RHUBARB RELISH

Great with chicken, turkey or pork. And this after saying we shouldn’t use rhubarb in a vegetable salad! On the other hand, cranberries are certainly a fruit and cranberry sauce is perfect with poultry.

3 cups diced rhubarb

3/4 cup granulated sugar

1 tablespoon grated orange rind (zest)

1/2 cup orange juice

1 small or medium red pepper, diced

2 green onions, minced, white and green parts

1 very small clove garlic, finely minced

Place the rhubarb, sugar, orange zest, orange juice, red pepper, green onions and finely minced garlic in a pan. Bring mixture to a boil, and then reduce heat to low, and allow mixture to simmer, stirring often to avoid sticking and burning. Simmer rhubarb mixture for about 12 minutes, or until rhubarb is tender, and mixture thickens. Serve rhubarb relish warm or chilled. It’s really good over grilled or oven baked chicken breasts.

MAGIC STRAWBERRY RHUBARB JAM

Makes about five and a half cups. Great served over vanilla ice cream with sliced bananas around it, for a sort of banana split. Also great on toast, pancakes, or French toast.

1 1/2 cups fresh or *frozen chopped rhubarb

2 1/2 cups fresh or frozen strawberries, crushed

1 cup canned, crushed pineapple, about 8 ounces

2 1/2 cups granulated sugar

1 package. (3 ounces) strawberry gelatin (like “Jello”)

In a large pan, combine the chopped rhubarb, crushed strawberries, crushed pineapple, and sugar. Bring to a boil over medium-high heat, stirring to prevent sticking and burning. Then reduce heat and allow to simmer on low heat for about 20 minutes. Be sure to continue to stir often to avoid sticking and burning. Remove mixture from the heat, and gradually stir in the strawberry gelatin until dissolved. Pour jam into refrigerator containers or glass canning jars, leaving about a half inch to an inch of head space. Allow jam to stand on the counter until cooled. Top with lids and store in the fridge for up to 4 weeks. You should also be able to freeze this, but haven’t tried it.

SWEET CHERRY DUMPLINGS

Quick and easy. Serves 4

3 cups frozen dark sweet cherries (14 ounces; not thawed)

1/4 cup sugar

1/4 teaspoon cinnamon

1/4 teaspoon almond extract

3/4 cup all-purpose flour

1 tablespoon sugar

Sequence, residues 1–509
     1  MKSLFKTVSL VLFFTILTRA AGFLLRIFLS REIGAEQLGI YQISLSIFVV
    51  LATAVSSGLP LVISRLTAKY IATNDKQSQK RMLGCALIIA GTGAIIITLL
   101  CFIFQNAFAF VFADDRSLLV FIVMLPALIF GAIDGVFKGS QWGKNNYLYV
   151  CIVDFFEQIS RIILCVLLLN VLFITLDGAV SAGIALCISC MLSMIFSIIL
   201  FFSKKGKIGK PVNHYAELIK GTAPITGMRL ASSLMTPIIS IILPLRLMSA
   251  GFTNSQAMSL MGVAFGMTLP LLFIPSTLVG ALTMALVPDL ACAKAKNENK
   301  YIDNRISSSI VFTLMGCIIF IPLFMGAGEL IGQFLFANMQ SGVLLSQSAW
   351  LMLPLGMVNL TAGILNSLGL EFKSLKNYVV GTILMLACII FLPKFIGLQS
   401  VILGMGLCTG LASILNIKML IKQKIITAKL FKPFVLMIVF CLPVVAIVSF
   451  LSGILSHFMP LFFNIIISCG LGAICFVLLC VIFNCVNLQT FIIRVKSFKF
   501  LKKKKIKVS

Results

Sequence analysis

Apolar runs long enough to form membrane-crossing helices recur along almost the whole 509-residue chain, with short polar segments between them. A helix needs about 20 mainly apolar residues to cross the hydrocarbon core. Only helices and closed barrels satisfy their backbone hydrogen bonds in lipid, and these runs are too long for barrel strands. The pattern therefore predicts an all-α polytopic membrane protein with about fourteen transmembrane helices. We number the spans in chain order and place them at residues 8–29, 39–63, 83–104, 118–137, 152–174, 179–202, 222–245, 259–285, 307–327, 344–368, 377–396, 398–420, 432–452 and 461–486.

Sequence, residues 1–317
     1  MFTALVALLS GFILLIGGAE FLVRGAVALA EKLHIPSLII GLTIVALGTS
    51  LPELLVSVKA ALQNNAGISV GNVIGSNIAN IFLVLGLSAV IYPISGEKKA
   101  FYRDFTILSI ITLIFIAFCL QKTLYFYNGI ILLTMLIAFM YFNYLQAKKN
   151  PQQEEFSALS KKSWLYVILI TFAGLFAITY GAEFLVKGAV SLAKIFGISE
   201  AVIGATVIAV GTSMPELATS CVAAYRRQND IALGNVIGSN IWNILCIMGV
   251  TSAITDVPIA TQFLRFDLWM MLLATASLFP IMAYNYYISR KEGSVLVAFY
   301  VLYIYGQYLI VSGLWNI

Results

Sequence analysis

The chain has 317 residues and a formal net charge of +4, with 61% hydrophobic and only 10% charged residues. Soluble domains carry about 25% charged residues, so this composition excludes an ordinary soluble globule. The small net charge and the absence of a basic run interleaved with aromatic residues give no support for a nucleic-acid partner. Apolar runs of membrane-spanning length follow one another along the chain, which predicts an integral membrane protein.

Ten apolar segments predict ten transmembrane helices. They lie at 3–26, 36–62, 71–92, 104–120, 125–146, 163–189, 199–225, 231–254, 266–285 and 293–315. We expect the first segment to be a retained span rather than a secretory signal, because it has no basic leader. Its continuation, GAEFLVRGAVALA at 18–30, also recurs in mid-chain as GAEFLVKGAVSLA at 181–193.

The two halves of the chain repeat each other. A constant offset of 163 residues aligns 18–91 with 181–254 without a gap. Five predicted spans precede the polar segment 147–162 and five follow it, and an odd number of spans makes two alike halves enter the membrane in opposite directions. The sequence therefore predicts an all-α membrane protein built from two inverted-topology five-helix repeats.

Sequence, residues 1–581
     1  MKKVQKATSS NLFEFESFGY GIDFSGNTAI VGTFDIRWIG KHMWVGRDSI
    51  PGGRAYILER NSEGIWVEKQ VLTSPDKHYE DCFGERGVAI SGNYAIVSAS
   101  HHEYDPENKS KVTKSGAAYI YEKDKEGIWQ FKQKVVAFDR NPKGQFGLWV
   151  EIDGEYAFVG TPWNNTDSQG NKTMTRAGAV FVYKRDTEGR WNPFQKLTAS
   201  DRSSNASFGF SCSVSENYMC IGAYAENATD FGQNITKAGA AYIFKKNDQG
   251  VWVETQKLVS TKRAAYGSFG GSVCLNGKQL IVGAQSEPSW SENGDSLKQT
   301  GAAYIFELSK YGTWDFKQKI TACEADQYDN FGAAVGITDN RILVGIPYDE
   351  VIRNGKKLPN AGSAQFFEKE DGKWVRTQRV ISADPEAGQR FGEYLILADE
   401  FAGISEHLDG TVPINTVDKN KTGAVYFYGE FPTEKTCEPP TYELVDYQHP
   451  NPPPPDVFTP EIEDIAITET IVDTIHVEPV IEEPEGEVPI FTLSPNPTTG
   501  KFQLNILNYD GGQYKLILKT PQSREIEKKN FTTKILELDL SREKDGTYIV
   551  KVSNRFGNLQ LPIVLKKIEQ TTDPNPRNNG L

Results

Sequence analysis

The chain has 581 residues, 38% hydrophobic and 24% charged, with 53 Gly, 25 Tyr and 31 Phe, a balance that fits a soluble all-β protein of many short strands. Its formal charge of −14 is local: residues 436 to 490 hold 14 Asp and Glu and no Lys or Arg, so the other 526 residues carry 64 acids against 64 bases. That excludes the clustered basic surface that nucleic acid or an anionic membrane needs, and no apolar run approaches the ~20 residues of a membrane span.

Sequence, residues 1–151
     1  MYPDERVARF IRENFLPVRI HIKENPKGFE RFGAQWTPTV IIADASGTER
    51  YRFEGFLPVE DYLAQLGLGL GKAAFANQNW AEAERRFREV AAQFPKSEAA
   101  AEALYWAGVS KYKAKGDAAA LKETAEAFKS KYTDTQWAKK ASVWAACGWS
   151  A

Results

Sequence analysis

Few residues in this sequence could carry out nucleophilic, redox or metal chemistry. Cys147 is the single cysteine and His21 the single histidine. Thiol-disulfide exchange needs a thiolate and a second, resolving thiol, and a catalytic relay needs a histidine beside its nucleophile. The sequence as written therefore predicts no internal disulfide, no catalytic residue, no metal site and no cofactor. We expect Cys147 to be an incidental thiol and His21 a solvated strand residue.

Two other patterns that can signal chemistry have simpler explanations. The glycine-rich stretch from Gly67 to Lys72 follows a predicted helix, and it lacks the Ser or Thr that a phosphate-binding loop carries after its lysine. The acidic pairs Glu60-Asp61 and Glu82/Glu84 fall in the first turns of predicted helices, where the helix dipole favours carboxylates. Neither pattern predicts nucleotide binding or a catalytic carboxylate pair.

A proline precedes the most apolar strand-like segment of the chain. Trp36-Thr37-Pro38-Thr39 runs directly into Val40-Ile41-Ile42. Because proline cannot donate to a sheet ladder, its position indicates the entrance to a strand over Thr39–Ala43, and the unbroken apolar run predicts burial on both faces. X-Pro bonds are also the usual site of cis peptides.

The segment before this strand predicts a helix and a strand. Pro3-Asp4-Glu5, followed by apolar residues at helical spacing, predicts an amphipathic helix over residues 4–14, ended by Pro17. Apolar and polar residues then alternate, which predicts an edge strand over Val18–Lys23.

1/4 teaspoon baking soda

1/4 teaspoon baking powder

1/8 teaspoon salt

1 1/2 tablespoons cold unsalted butter, cut into small bits

1/3 cup well-shaken low-fat buttermilk

Put oven rack in middle position and preheat oven to 425F. Cook cherries, 1/4 cup sugar, cinnamon and extract with a pinch of salt in a 2-quart heavy saucepan over moderate heat, stirring occasionally, until sugar begins to dissolve, about 3 minutes. Spoon filling into a 9-inch ceramic or glass pie plate (1 inch deep). Whisk together flour, 2 teaspoons of the remaining sugar, baking soda, baking powder, and salt in a medium bowl. Blend in butter with your fingertips or a pastry blender until mixture resembles coarse meal. Stir in buttermilk with a fork until just combined (do not over mix). Drop dough in 4 mounds over filling, leaving space between mounds. Sprinkle topping with remaining teaspoon sugar. Bake until topping is golden brown and fruit is bubbling, about 25 minutes. Cool slightly and serve warm, preferably with a scoop of vanilla ice cream.

Thought for the Week: Lord, let us be properly grateful for Your bounty. Forgive our nation for the travesties into which it has fallen, and grant us the wisdom to help guide it back to Your ways. Amen.

(This column is written by Shirley Prudhomme of Crivitz. Views expressed are her own and are in no way intended to be an official statement of the opinions of Peshtigo Times editors and publishers. She may be contacted by phone at 715-291-9002 or e-mail to shirleyprudhommechickadee@yahoo. com.)

COUNTRY COUSIN